This edition is very close to the original. To much in fact I think. I really thought about using the CD, but then that meant I would have to use all of the music on the CD. Which would have meant choreographing TO the CD. The incidental music it oddly long in the score you have produced. Thus, by using the CD, one cannot have any cuts! So I had to use the PV score. The "Dingle-Hopper" song in particular is extremely hard to pull off. It's in 6/8 and moves at a very fast clip and ends in the key of B. I am an experienced pianist, but I had to edit, edit, edit. And it's range is high AND low. My Scuttle was a great actor and pretty good singer, but struggled with this song.
I'm really not trying to sow sour grapes here; I just really wished this show was what it presents itself to be - a true JR. show. And sadly, it's not.
Question for Cindy: How many hours would you set aside to rehearse for Little Mermaid, Jr.? For full productions, I usually schedule an hour per page of the script. Since the Jr. versions are smaller books plus contain the lyrics with the sheet music, I was wondering if there was a rule of thumb to apply for the Jr. versions.
Thanks for your comments and input Robert. My biggest concern is that your kids did not have the experience we know they can have with musical theater. We pilot, we write, we re-pilot, re-write, try the shows in different areas of the country etc., before they go to print. No doubt, there will always be things to improve on, especially with this being such a new show. I hope you get to see the changes of the new guides for some of the older legacy series, (Music Man JR, Guys and Dolls, Once On This Island.) The important thing for you to know is that you can edit, yes with the CD to make it adaptable and performable with your kids. They are not professionals, and MOST importantly they need to have a positive experience that makes them feel good about themselves and the artistic form they are sharing. If incidental music is too long for your staging, fade it out. Certain changes of course need permission, as MTI does not own the shows, they simply represent the composers. MOST of the time, directors/teachers are granted their request, especially if it isn’t adding or deleting entire songs etc. I would hope, with help, LMJR could have been adapted so you felt your kids had a better performance experience. You sound like you have had great experiences and some shows under your belt. Can’t tell you how much I wish this experience were more positive for ALL of you. Please know we are happy to help in any form as you go through the process of JR shows. I also think you would love taking our Teacher Intensive Workshops, (see iTheatrics.com) where we go through the process on how to do JR shows and you work with people that are just like you and put them on all around the country in all types of circumstances. Your thoughts are valuable Robert. Thanks for taking time to contribute and strengthen the vehicle we all know and love for kids.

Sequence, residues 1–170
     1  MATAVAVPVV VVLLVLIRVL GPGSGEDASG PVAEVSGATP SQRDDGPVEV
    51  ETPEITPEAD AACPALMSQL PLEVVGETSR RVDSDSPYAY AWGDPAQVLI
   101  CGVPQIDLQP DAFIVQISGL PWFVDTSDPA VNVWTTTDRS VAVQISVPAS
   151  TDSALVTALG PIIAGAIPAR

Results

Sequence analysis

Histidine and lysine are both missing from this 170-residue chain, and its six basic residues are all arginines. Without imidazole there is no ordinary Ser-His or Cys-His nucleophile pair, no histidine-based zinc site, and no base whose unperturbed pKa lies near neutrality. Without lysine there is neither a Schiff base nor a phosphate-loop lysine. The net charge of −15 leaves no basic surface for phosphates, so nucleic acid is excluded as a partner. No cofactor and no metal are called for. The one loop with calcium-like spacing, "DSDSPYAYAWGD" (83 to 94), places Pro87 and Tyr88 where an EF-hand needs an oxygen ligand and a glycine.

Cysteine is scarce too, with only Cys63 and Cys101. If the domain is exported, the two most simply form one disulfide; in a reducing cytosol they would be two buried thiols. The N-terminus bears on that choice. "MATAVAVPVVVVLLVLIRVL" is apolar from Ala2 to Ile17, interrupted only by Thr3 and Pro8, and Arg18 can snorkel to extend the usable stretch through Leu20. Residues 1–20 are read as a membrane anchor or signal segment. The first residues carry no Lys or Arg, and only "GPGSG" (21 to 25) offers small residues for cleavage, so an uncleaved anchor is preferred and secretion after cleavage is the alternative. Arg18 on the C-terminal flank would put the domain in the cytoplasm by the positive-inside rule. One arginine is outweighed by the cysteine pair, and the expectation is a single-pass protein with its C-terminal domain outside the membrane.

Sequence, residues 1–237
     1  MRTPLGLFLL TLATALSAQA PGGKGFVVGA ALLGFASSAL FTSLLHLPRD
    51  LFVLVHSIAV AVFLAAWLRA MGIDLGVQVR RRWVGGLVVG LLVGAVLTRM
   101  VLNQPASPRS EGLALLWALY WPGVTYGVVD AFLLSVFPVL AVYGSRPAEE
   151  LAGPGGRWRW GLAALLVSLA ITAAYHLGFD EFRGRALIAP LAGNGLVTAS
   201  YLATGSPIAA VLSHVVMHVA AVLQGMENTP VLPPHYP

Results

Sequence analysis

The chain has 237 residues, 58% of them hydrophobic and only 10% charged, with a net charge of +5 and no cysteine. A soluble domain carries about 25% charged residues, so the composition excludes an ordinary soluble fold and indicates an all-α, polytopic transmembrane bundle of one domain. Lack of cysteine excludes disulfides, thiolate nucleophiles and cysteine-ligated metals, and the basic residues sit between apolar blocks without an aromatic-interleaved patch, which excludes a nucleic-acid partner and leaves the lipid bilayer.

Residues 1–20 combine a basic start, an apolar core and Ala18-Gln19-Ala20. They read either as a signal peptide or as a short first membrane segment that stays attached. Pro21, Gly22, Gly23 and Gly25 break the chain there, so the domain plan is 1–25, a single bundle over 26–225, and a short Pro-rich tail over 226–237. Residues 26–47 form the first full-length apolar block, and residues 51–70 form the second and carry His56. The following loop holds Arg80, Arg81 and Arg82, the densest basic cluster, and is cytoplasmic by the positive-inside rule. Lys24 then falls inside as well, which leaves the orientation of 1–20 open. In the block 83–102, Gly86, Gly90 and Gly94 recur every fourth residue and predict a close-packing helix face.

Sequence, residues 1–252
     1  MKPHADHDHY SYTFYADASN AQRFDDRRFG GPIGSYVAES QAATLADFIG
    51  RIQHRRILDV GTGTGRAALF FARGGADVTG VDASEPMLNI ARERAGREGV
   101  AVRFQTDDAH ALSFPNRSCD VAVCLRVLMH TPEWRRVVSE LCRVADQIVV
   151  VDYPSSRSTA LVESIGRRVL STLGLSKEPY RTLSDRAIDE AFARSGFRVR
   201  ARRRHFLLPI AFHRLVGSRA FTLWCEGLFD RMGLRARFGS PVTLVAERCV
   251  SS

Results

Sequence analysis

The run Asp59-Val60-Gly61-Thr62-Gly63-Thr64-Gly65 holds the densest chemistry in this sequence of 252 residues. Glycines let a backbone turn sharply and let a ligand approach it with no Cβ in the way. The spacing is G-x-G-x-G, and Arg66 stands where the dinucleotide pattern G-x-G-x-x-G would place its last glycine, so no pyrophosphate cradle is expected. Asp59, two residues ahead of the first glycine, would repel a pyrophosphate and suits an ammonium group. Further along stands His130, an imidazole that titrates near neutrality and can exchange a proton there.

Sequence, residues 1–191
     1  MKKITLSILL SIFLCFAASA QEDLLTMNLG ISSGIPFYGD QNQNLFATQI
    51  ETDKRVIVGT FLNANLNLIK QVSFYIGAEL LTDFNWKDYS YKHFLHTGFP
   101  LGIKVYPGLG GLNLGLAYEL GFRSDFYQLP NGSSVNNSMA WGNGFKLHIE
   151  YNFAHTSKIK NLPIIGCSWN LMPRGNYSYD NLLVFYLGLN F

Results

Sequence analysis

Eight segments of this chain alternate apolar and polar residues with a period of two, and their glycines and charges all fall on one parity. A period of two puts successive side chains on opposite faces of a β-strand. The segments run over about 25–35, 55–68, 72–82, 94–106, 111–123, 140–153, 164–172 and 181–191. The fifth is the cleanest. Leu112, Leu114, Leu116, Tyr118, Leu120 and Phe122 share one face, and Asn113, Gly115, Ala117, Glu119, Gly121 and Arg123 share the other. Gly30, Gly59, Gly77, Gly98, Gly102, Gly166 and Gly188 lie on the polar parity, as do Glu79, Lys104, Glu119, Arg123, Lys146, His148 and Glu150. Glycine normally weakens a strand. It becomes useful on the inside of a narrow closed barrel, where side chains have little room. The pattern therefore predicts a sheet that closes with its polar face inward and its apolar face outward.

Susan, your formula is exactly what we use for JR and Kids rehearsal hours in our teacher workshops. Estimate 1 rehearsal hour per page of script and go from there.
I thought the formula would be a bit less since the type is larger and the music sheets are included. It numbers 106 pages. I certainly didn't schedule 106 hours of rehearsal! I actually scheduled 53 hours including tech week. Uh oh...
We just finished our Little Mermaid, Jr run. We had 3 casts of this show - the Little Fish were K-5th - the Middle Fish were 4th-8th - and the Big Fish were 7th-12th Graders. Having done pretty much a case study of LMJr., I would say it fits best for 5th-10th as written. My K-5th group enjoyed themselves immensely and loved the music. We had some pretty respectable 2-part singing in "Kiss The Girl" and "She's In Love", but the complex harmonies were beyond that age group. Unison was perfect in most instances and totally served the story. In retrospect, I'm so glad that my little ones had the opportunity to present LMJr. I had a 7 year old Sebastian with comic timing to beat the band, and an 8-year old "Chef Louis" who brought the house down every night.
With the oldest group, I missed "Sweet Child" and "The World Above". But, the Broadway Jr. version, is not the Broadway version, after all. To add all the material would have ship wrecked the 70 playtime - which is perfect for this age group - in our world.